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Issue 6, 2010
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Raising the fuel heating value and recovering exhaust heat by on-board oxidative reforming of bioethanol

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Abstract

Several reactions can contribute to the overall process of exhaust gas reforming, during which some of the engine fuel is catalytically converted mainly to H2 and CO. If the predominant reactions are endothermic, the process acts as a means of exhaust-heat recovery, and the fuel heating value is raised. When using conventional gasoline or diesel fuel, the reforming catalyst is required to promote steam- and dry-reforming, at the expense of the exothermic reactions—water gas shift, methanation, partial oxidation and combustion. In this study we show that a precious metal formulation is capable of catalysing most of the key reforming routes with the exception of the water gas shift reaction, under the set of conditions that we have used to simulate an exhaust from a bioethanol-fuelled spark ignition engine. Our results predict that the overall process of exhaust gas reforming of C2H5OH will be oxidative, and yet waste heat will be consumed. The expected increase in fuel heating value is 6%, but can rise towards 20% if there is less O2 available in the exhaust, allowing more of the bioethanol to react by steam- and dry-reforming in the catalyst bed. By feeding the reformate back to the engine, the intention is to improve the fuel economy and emission quality.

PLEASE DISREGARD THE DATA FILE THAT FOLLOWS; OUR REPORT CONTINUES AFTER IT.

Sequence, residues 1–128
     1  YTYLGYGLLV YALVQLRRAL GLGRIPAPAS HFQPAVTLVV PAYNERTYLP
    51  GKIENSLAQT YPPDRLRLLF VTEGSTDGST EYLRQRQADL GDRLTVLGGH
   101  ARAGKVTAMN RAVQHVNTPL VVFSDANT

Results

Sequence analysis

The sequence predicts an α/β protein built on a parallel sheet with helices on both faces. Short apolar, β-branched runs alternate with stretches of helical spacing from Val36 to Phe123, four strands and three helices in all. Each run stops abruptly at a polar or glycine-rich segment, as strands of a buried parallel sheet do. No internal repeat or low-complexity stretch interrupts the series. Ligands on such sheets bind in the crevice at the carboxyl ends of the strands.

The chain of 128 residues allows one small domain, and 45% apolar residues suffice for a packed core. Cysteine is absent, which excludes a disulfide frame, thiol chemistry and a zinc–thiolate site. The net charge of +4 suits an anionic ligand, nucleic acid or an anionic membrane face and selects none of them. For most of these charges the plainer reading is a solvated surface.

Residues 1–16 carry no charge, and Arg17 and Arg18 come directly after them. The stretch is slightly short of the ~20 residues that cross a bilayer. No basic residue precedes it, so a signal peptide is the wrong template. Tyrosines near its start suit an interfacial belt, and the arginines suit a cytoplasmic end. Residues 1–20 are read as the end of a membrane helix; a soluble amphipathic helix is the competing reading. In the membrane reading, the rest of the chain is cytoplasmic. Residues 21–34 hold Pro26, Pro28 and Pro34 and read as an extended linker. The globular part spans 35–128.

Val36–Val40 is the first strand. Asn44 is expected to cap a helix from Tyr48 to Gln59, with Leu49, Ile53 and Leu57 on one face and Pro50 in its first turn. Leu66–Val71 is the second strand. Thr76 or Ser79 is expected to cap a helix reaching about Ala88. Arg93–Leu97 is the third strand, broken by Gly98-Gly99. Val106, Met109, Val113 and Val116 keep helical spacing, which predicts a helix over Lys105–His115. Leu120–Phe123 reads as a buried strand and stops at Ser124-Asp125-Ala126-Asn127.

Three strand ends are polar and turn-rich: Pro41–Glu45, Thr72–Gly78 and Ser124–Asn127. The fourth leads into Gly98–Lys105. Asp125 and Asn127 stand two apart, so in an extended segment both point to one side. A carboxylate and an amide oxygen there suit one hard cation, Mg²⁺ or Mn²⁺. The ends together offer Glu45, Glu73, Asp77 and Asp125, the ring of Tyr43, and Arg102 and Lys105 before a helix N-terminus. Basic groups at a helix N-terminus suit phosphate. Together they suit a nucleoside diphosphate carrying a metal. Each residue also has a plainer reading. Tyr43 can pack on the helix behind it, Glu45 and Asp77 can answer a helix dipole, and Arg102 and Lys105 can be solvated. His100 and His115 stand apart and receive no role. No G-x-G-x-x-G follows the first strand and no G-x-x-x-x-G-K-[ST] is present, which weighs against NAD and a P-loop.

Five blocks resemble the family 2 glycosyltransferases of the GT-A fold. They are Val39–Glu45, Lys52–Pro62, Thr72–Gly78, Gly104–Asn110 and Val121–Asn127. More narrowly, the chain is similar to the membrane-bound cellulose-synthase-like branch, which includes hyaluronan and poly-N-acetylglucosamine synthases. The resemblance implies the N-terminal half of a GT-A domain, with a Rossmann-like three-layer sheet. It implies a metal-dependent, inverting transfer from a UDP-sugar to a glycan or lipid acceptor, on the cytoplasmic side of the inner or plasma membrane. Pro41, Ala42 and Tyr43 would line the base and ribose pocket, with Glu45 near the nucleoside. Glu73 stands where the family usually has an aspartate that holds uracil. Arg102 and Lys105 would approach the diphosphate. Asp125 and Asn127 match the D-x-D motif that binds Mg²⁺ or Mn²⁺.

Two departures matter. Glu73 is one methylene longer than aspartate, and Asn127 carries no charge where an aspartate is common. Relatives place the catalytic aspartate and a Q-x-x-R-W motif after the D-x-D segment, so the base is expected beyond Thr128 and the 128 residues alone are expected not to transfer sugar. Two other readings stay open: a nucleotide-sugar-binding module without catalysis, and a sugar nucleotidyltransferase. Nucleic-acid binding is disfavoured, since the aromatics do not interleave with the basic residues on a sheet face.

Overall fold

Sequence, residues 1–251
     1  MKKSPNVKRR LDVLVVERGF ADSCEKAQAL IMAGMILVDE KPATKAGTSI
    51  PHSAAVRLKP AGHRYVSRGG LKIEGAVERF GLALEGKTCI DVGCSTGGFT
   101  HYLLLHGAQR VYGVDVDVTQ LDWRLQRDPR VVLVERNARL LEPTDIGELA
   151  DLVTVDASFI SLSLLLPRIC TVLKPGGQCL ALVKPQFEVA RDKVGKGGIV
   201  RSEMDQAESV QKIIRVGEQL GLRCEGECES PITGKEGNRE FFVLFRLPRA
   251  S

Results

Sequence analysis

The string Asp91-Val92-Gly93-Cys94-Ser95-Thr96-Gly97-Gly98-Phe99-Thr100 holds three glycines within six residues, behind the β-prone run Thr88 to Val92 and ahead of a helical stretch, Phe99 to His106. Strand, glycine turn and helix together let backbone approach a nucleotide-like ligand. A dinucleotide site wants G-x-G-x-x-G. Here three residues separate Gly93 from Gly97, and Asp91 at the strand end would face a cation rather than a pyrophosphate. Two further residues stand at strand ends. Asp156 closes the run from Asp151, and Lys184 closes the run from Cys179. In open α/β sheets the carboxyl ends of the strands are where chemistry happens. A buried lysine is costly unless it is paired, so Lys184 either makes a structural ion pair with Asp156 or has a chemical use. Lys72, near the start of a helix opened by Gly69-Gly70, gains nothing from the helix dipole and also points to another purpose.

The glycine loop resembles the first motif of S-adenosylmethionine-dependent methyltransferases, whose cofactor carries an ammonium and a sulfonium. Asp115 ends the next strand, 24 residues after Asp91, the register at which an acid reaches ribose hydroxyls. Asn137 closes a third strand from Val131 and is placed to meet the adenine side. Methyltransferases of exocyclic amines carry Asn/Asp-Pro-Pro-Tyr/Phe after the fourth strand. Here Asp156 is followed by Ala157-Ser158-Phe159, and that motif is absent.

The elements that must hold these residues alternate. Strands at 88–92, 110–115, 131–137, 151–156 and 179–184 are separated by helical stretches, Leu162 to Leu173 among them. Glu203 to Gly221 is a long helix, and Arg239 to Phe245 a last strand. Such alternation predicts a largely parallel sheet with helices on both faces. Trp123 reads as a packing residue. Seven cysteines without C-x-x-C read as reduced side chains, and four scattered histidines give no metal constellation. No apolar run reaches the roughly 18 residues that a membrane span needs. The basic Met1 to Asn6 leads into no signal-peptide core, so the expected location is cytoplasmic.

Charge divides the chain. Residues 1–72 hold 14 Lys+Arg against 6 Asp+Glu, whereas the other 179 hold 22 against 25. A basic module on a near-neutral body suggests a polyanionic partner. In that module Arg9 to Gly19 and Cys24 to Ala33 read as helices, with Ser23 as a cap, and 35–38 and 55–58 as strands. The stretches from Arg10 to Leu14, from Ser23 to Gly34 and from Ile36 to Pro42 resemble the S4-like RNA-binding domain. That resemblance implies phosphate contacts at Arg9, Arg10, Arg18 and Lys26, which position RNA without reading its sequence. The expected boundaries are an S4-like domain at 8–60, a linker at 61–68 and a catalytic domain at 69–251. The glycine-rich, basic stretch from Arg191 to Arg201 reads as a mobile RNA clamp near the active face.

Graphical abstract: Raising the fuel heating value and recovering exhaust heat by on-board oxidative reforming of bioethanol

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Publication details

The article was received on 23 Dec 2009, accepted on 11 Mar 2010 and first published on 10 May 2010


Article type: Paper
DOI: 10.1039/B927199F
Citation: Energy Environ. Sci., 2010,3, 780-788
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    Raising the fuel heating value and recovering exhaust heat by on-board oxidative reforming of bioethanol

    P. Leung, A. Tsolakis, J. Rodríguez-Fernández and S. Golunski, Energy Environ. Sci., 2010, 3, 780
    DOI: 10.1039/B927199F

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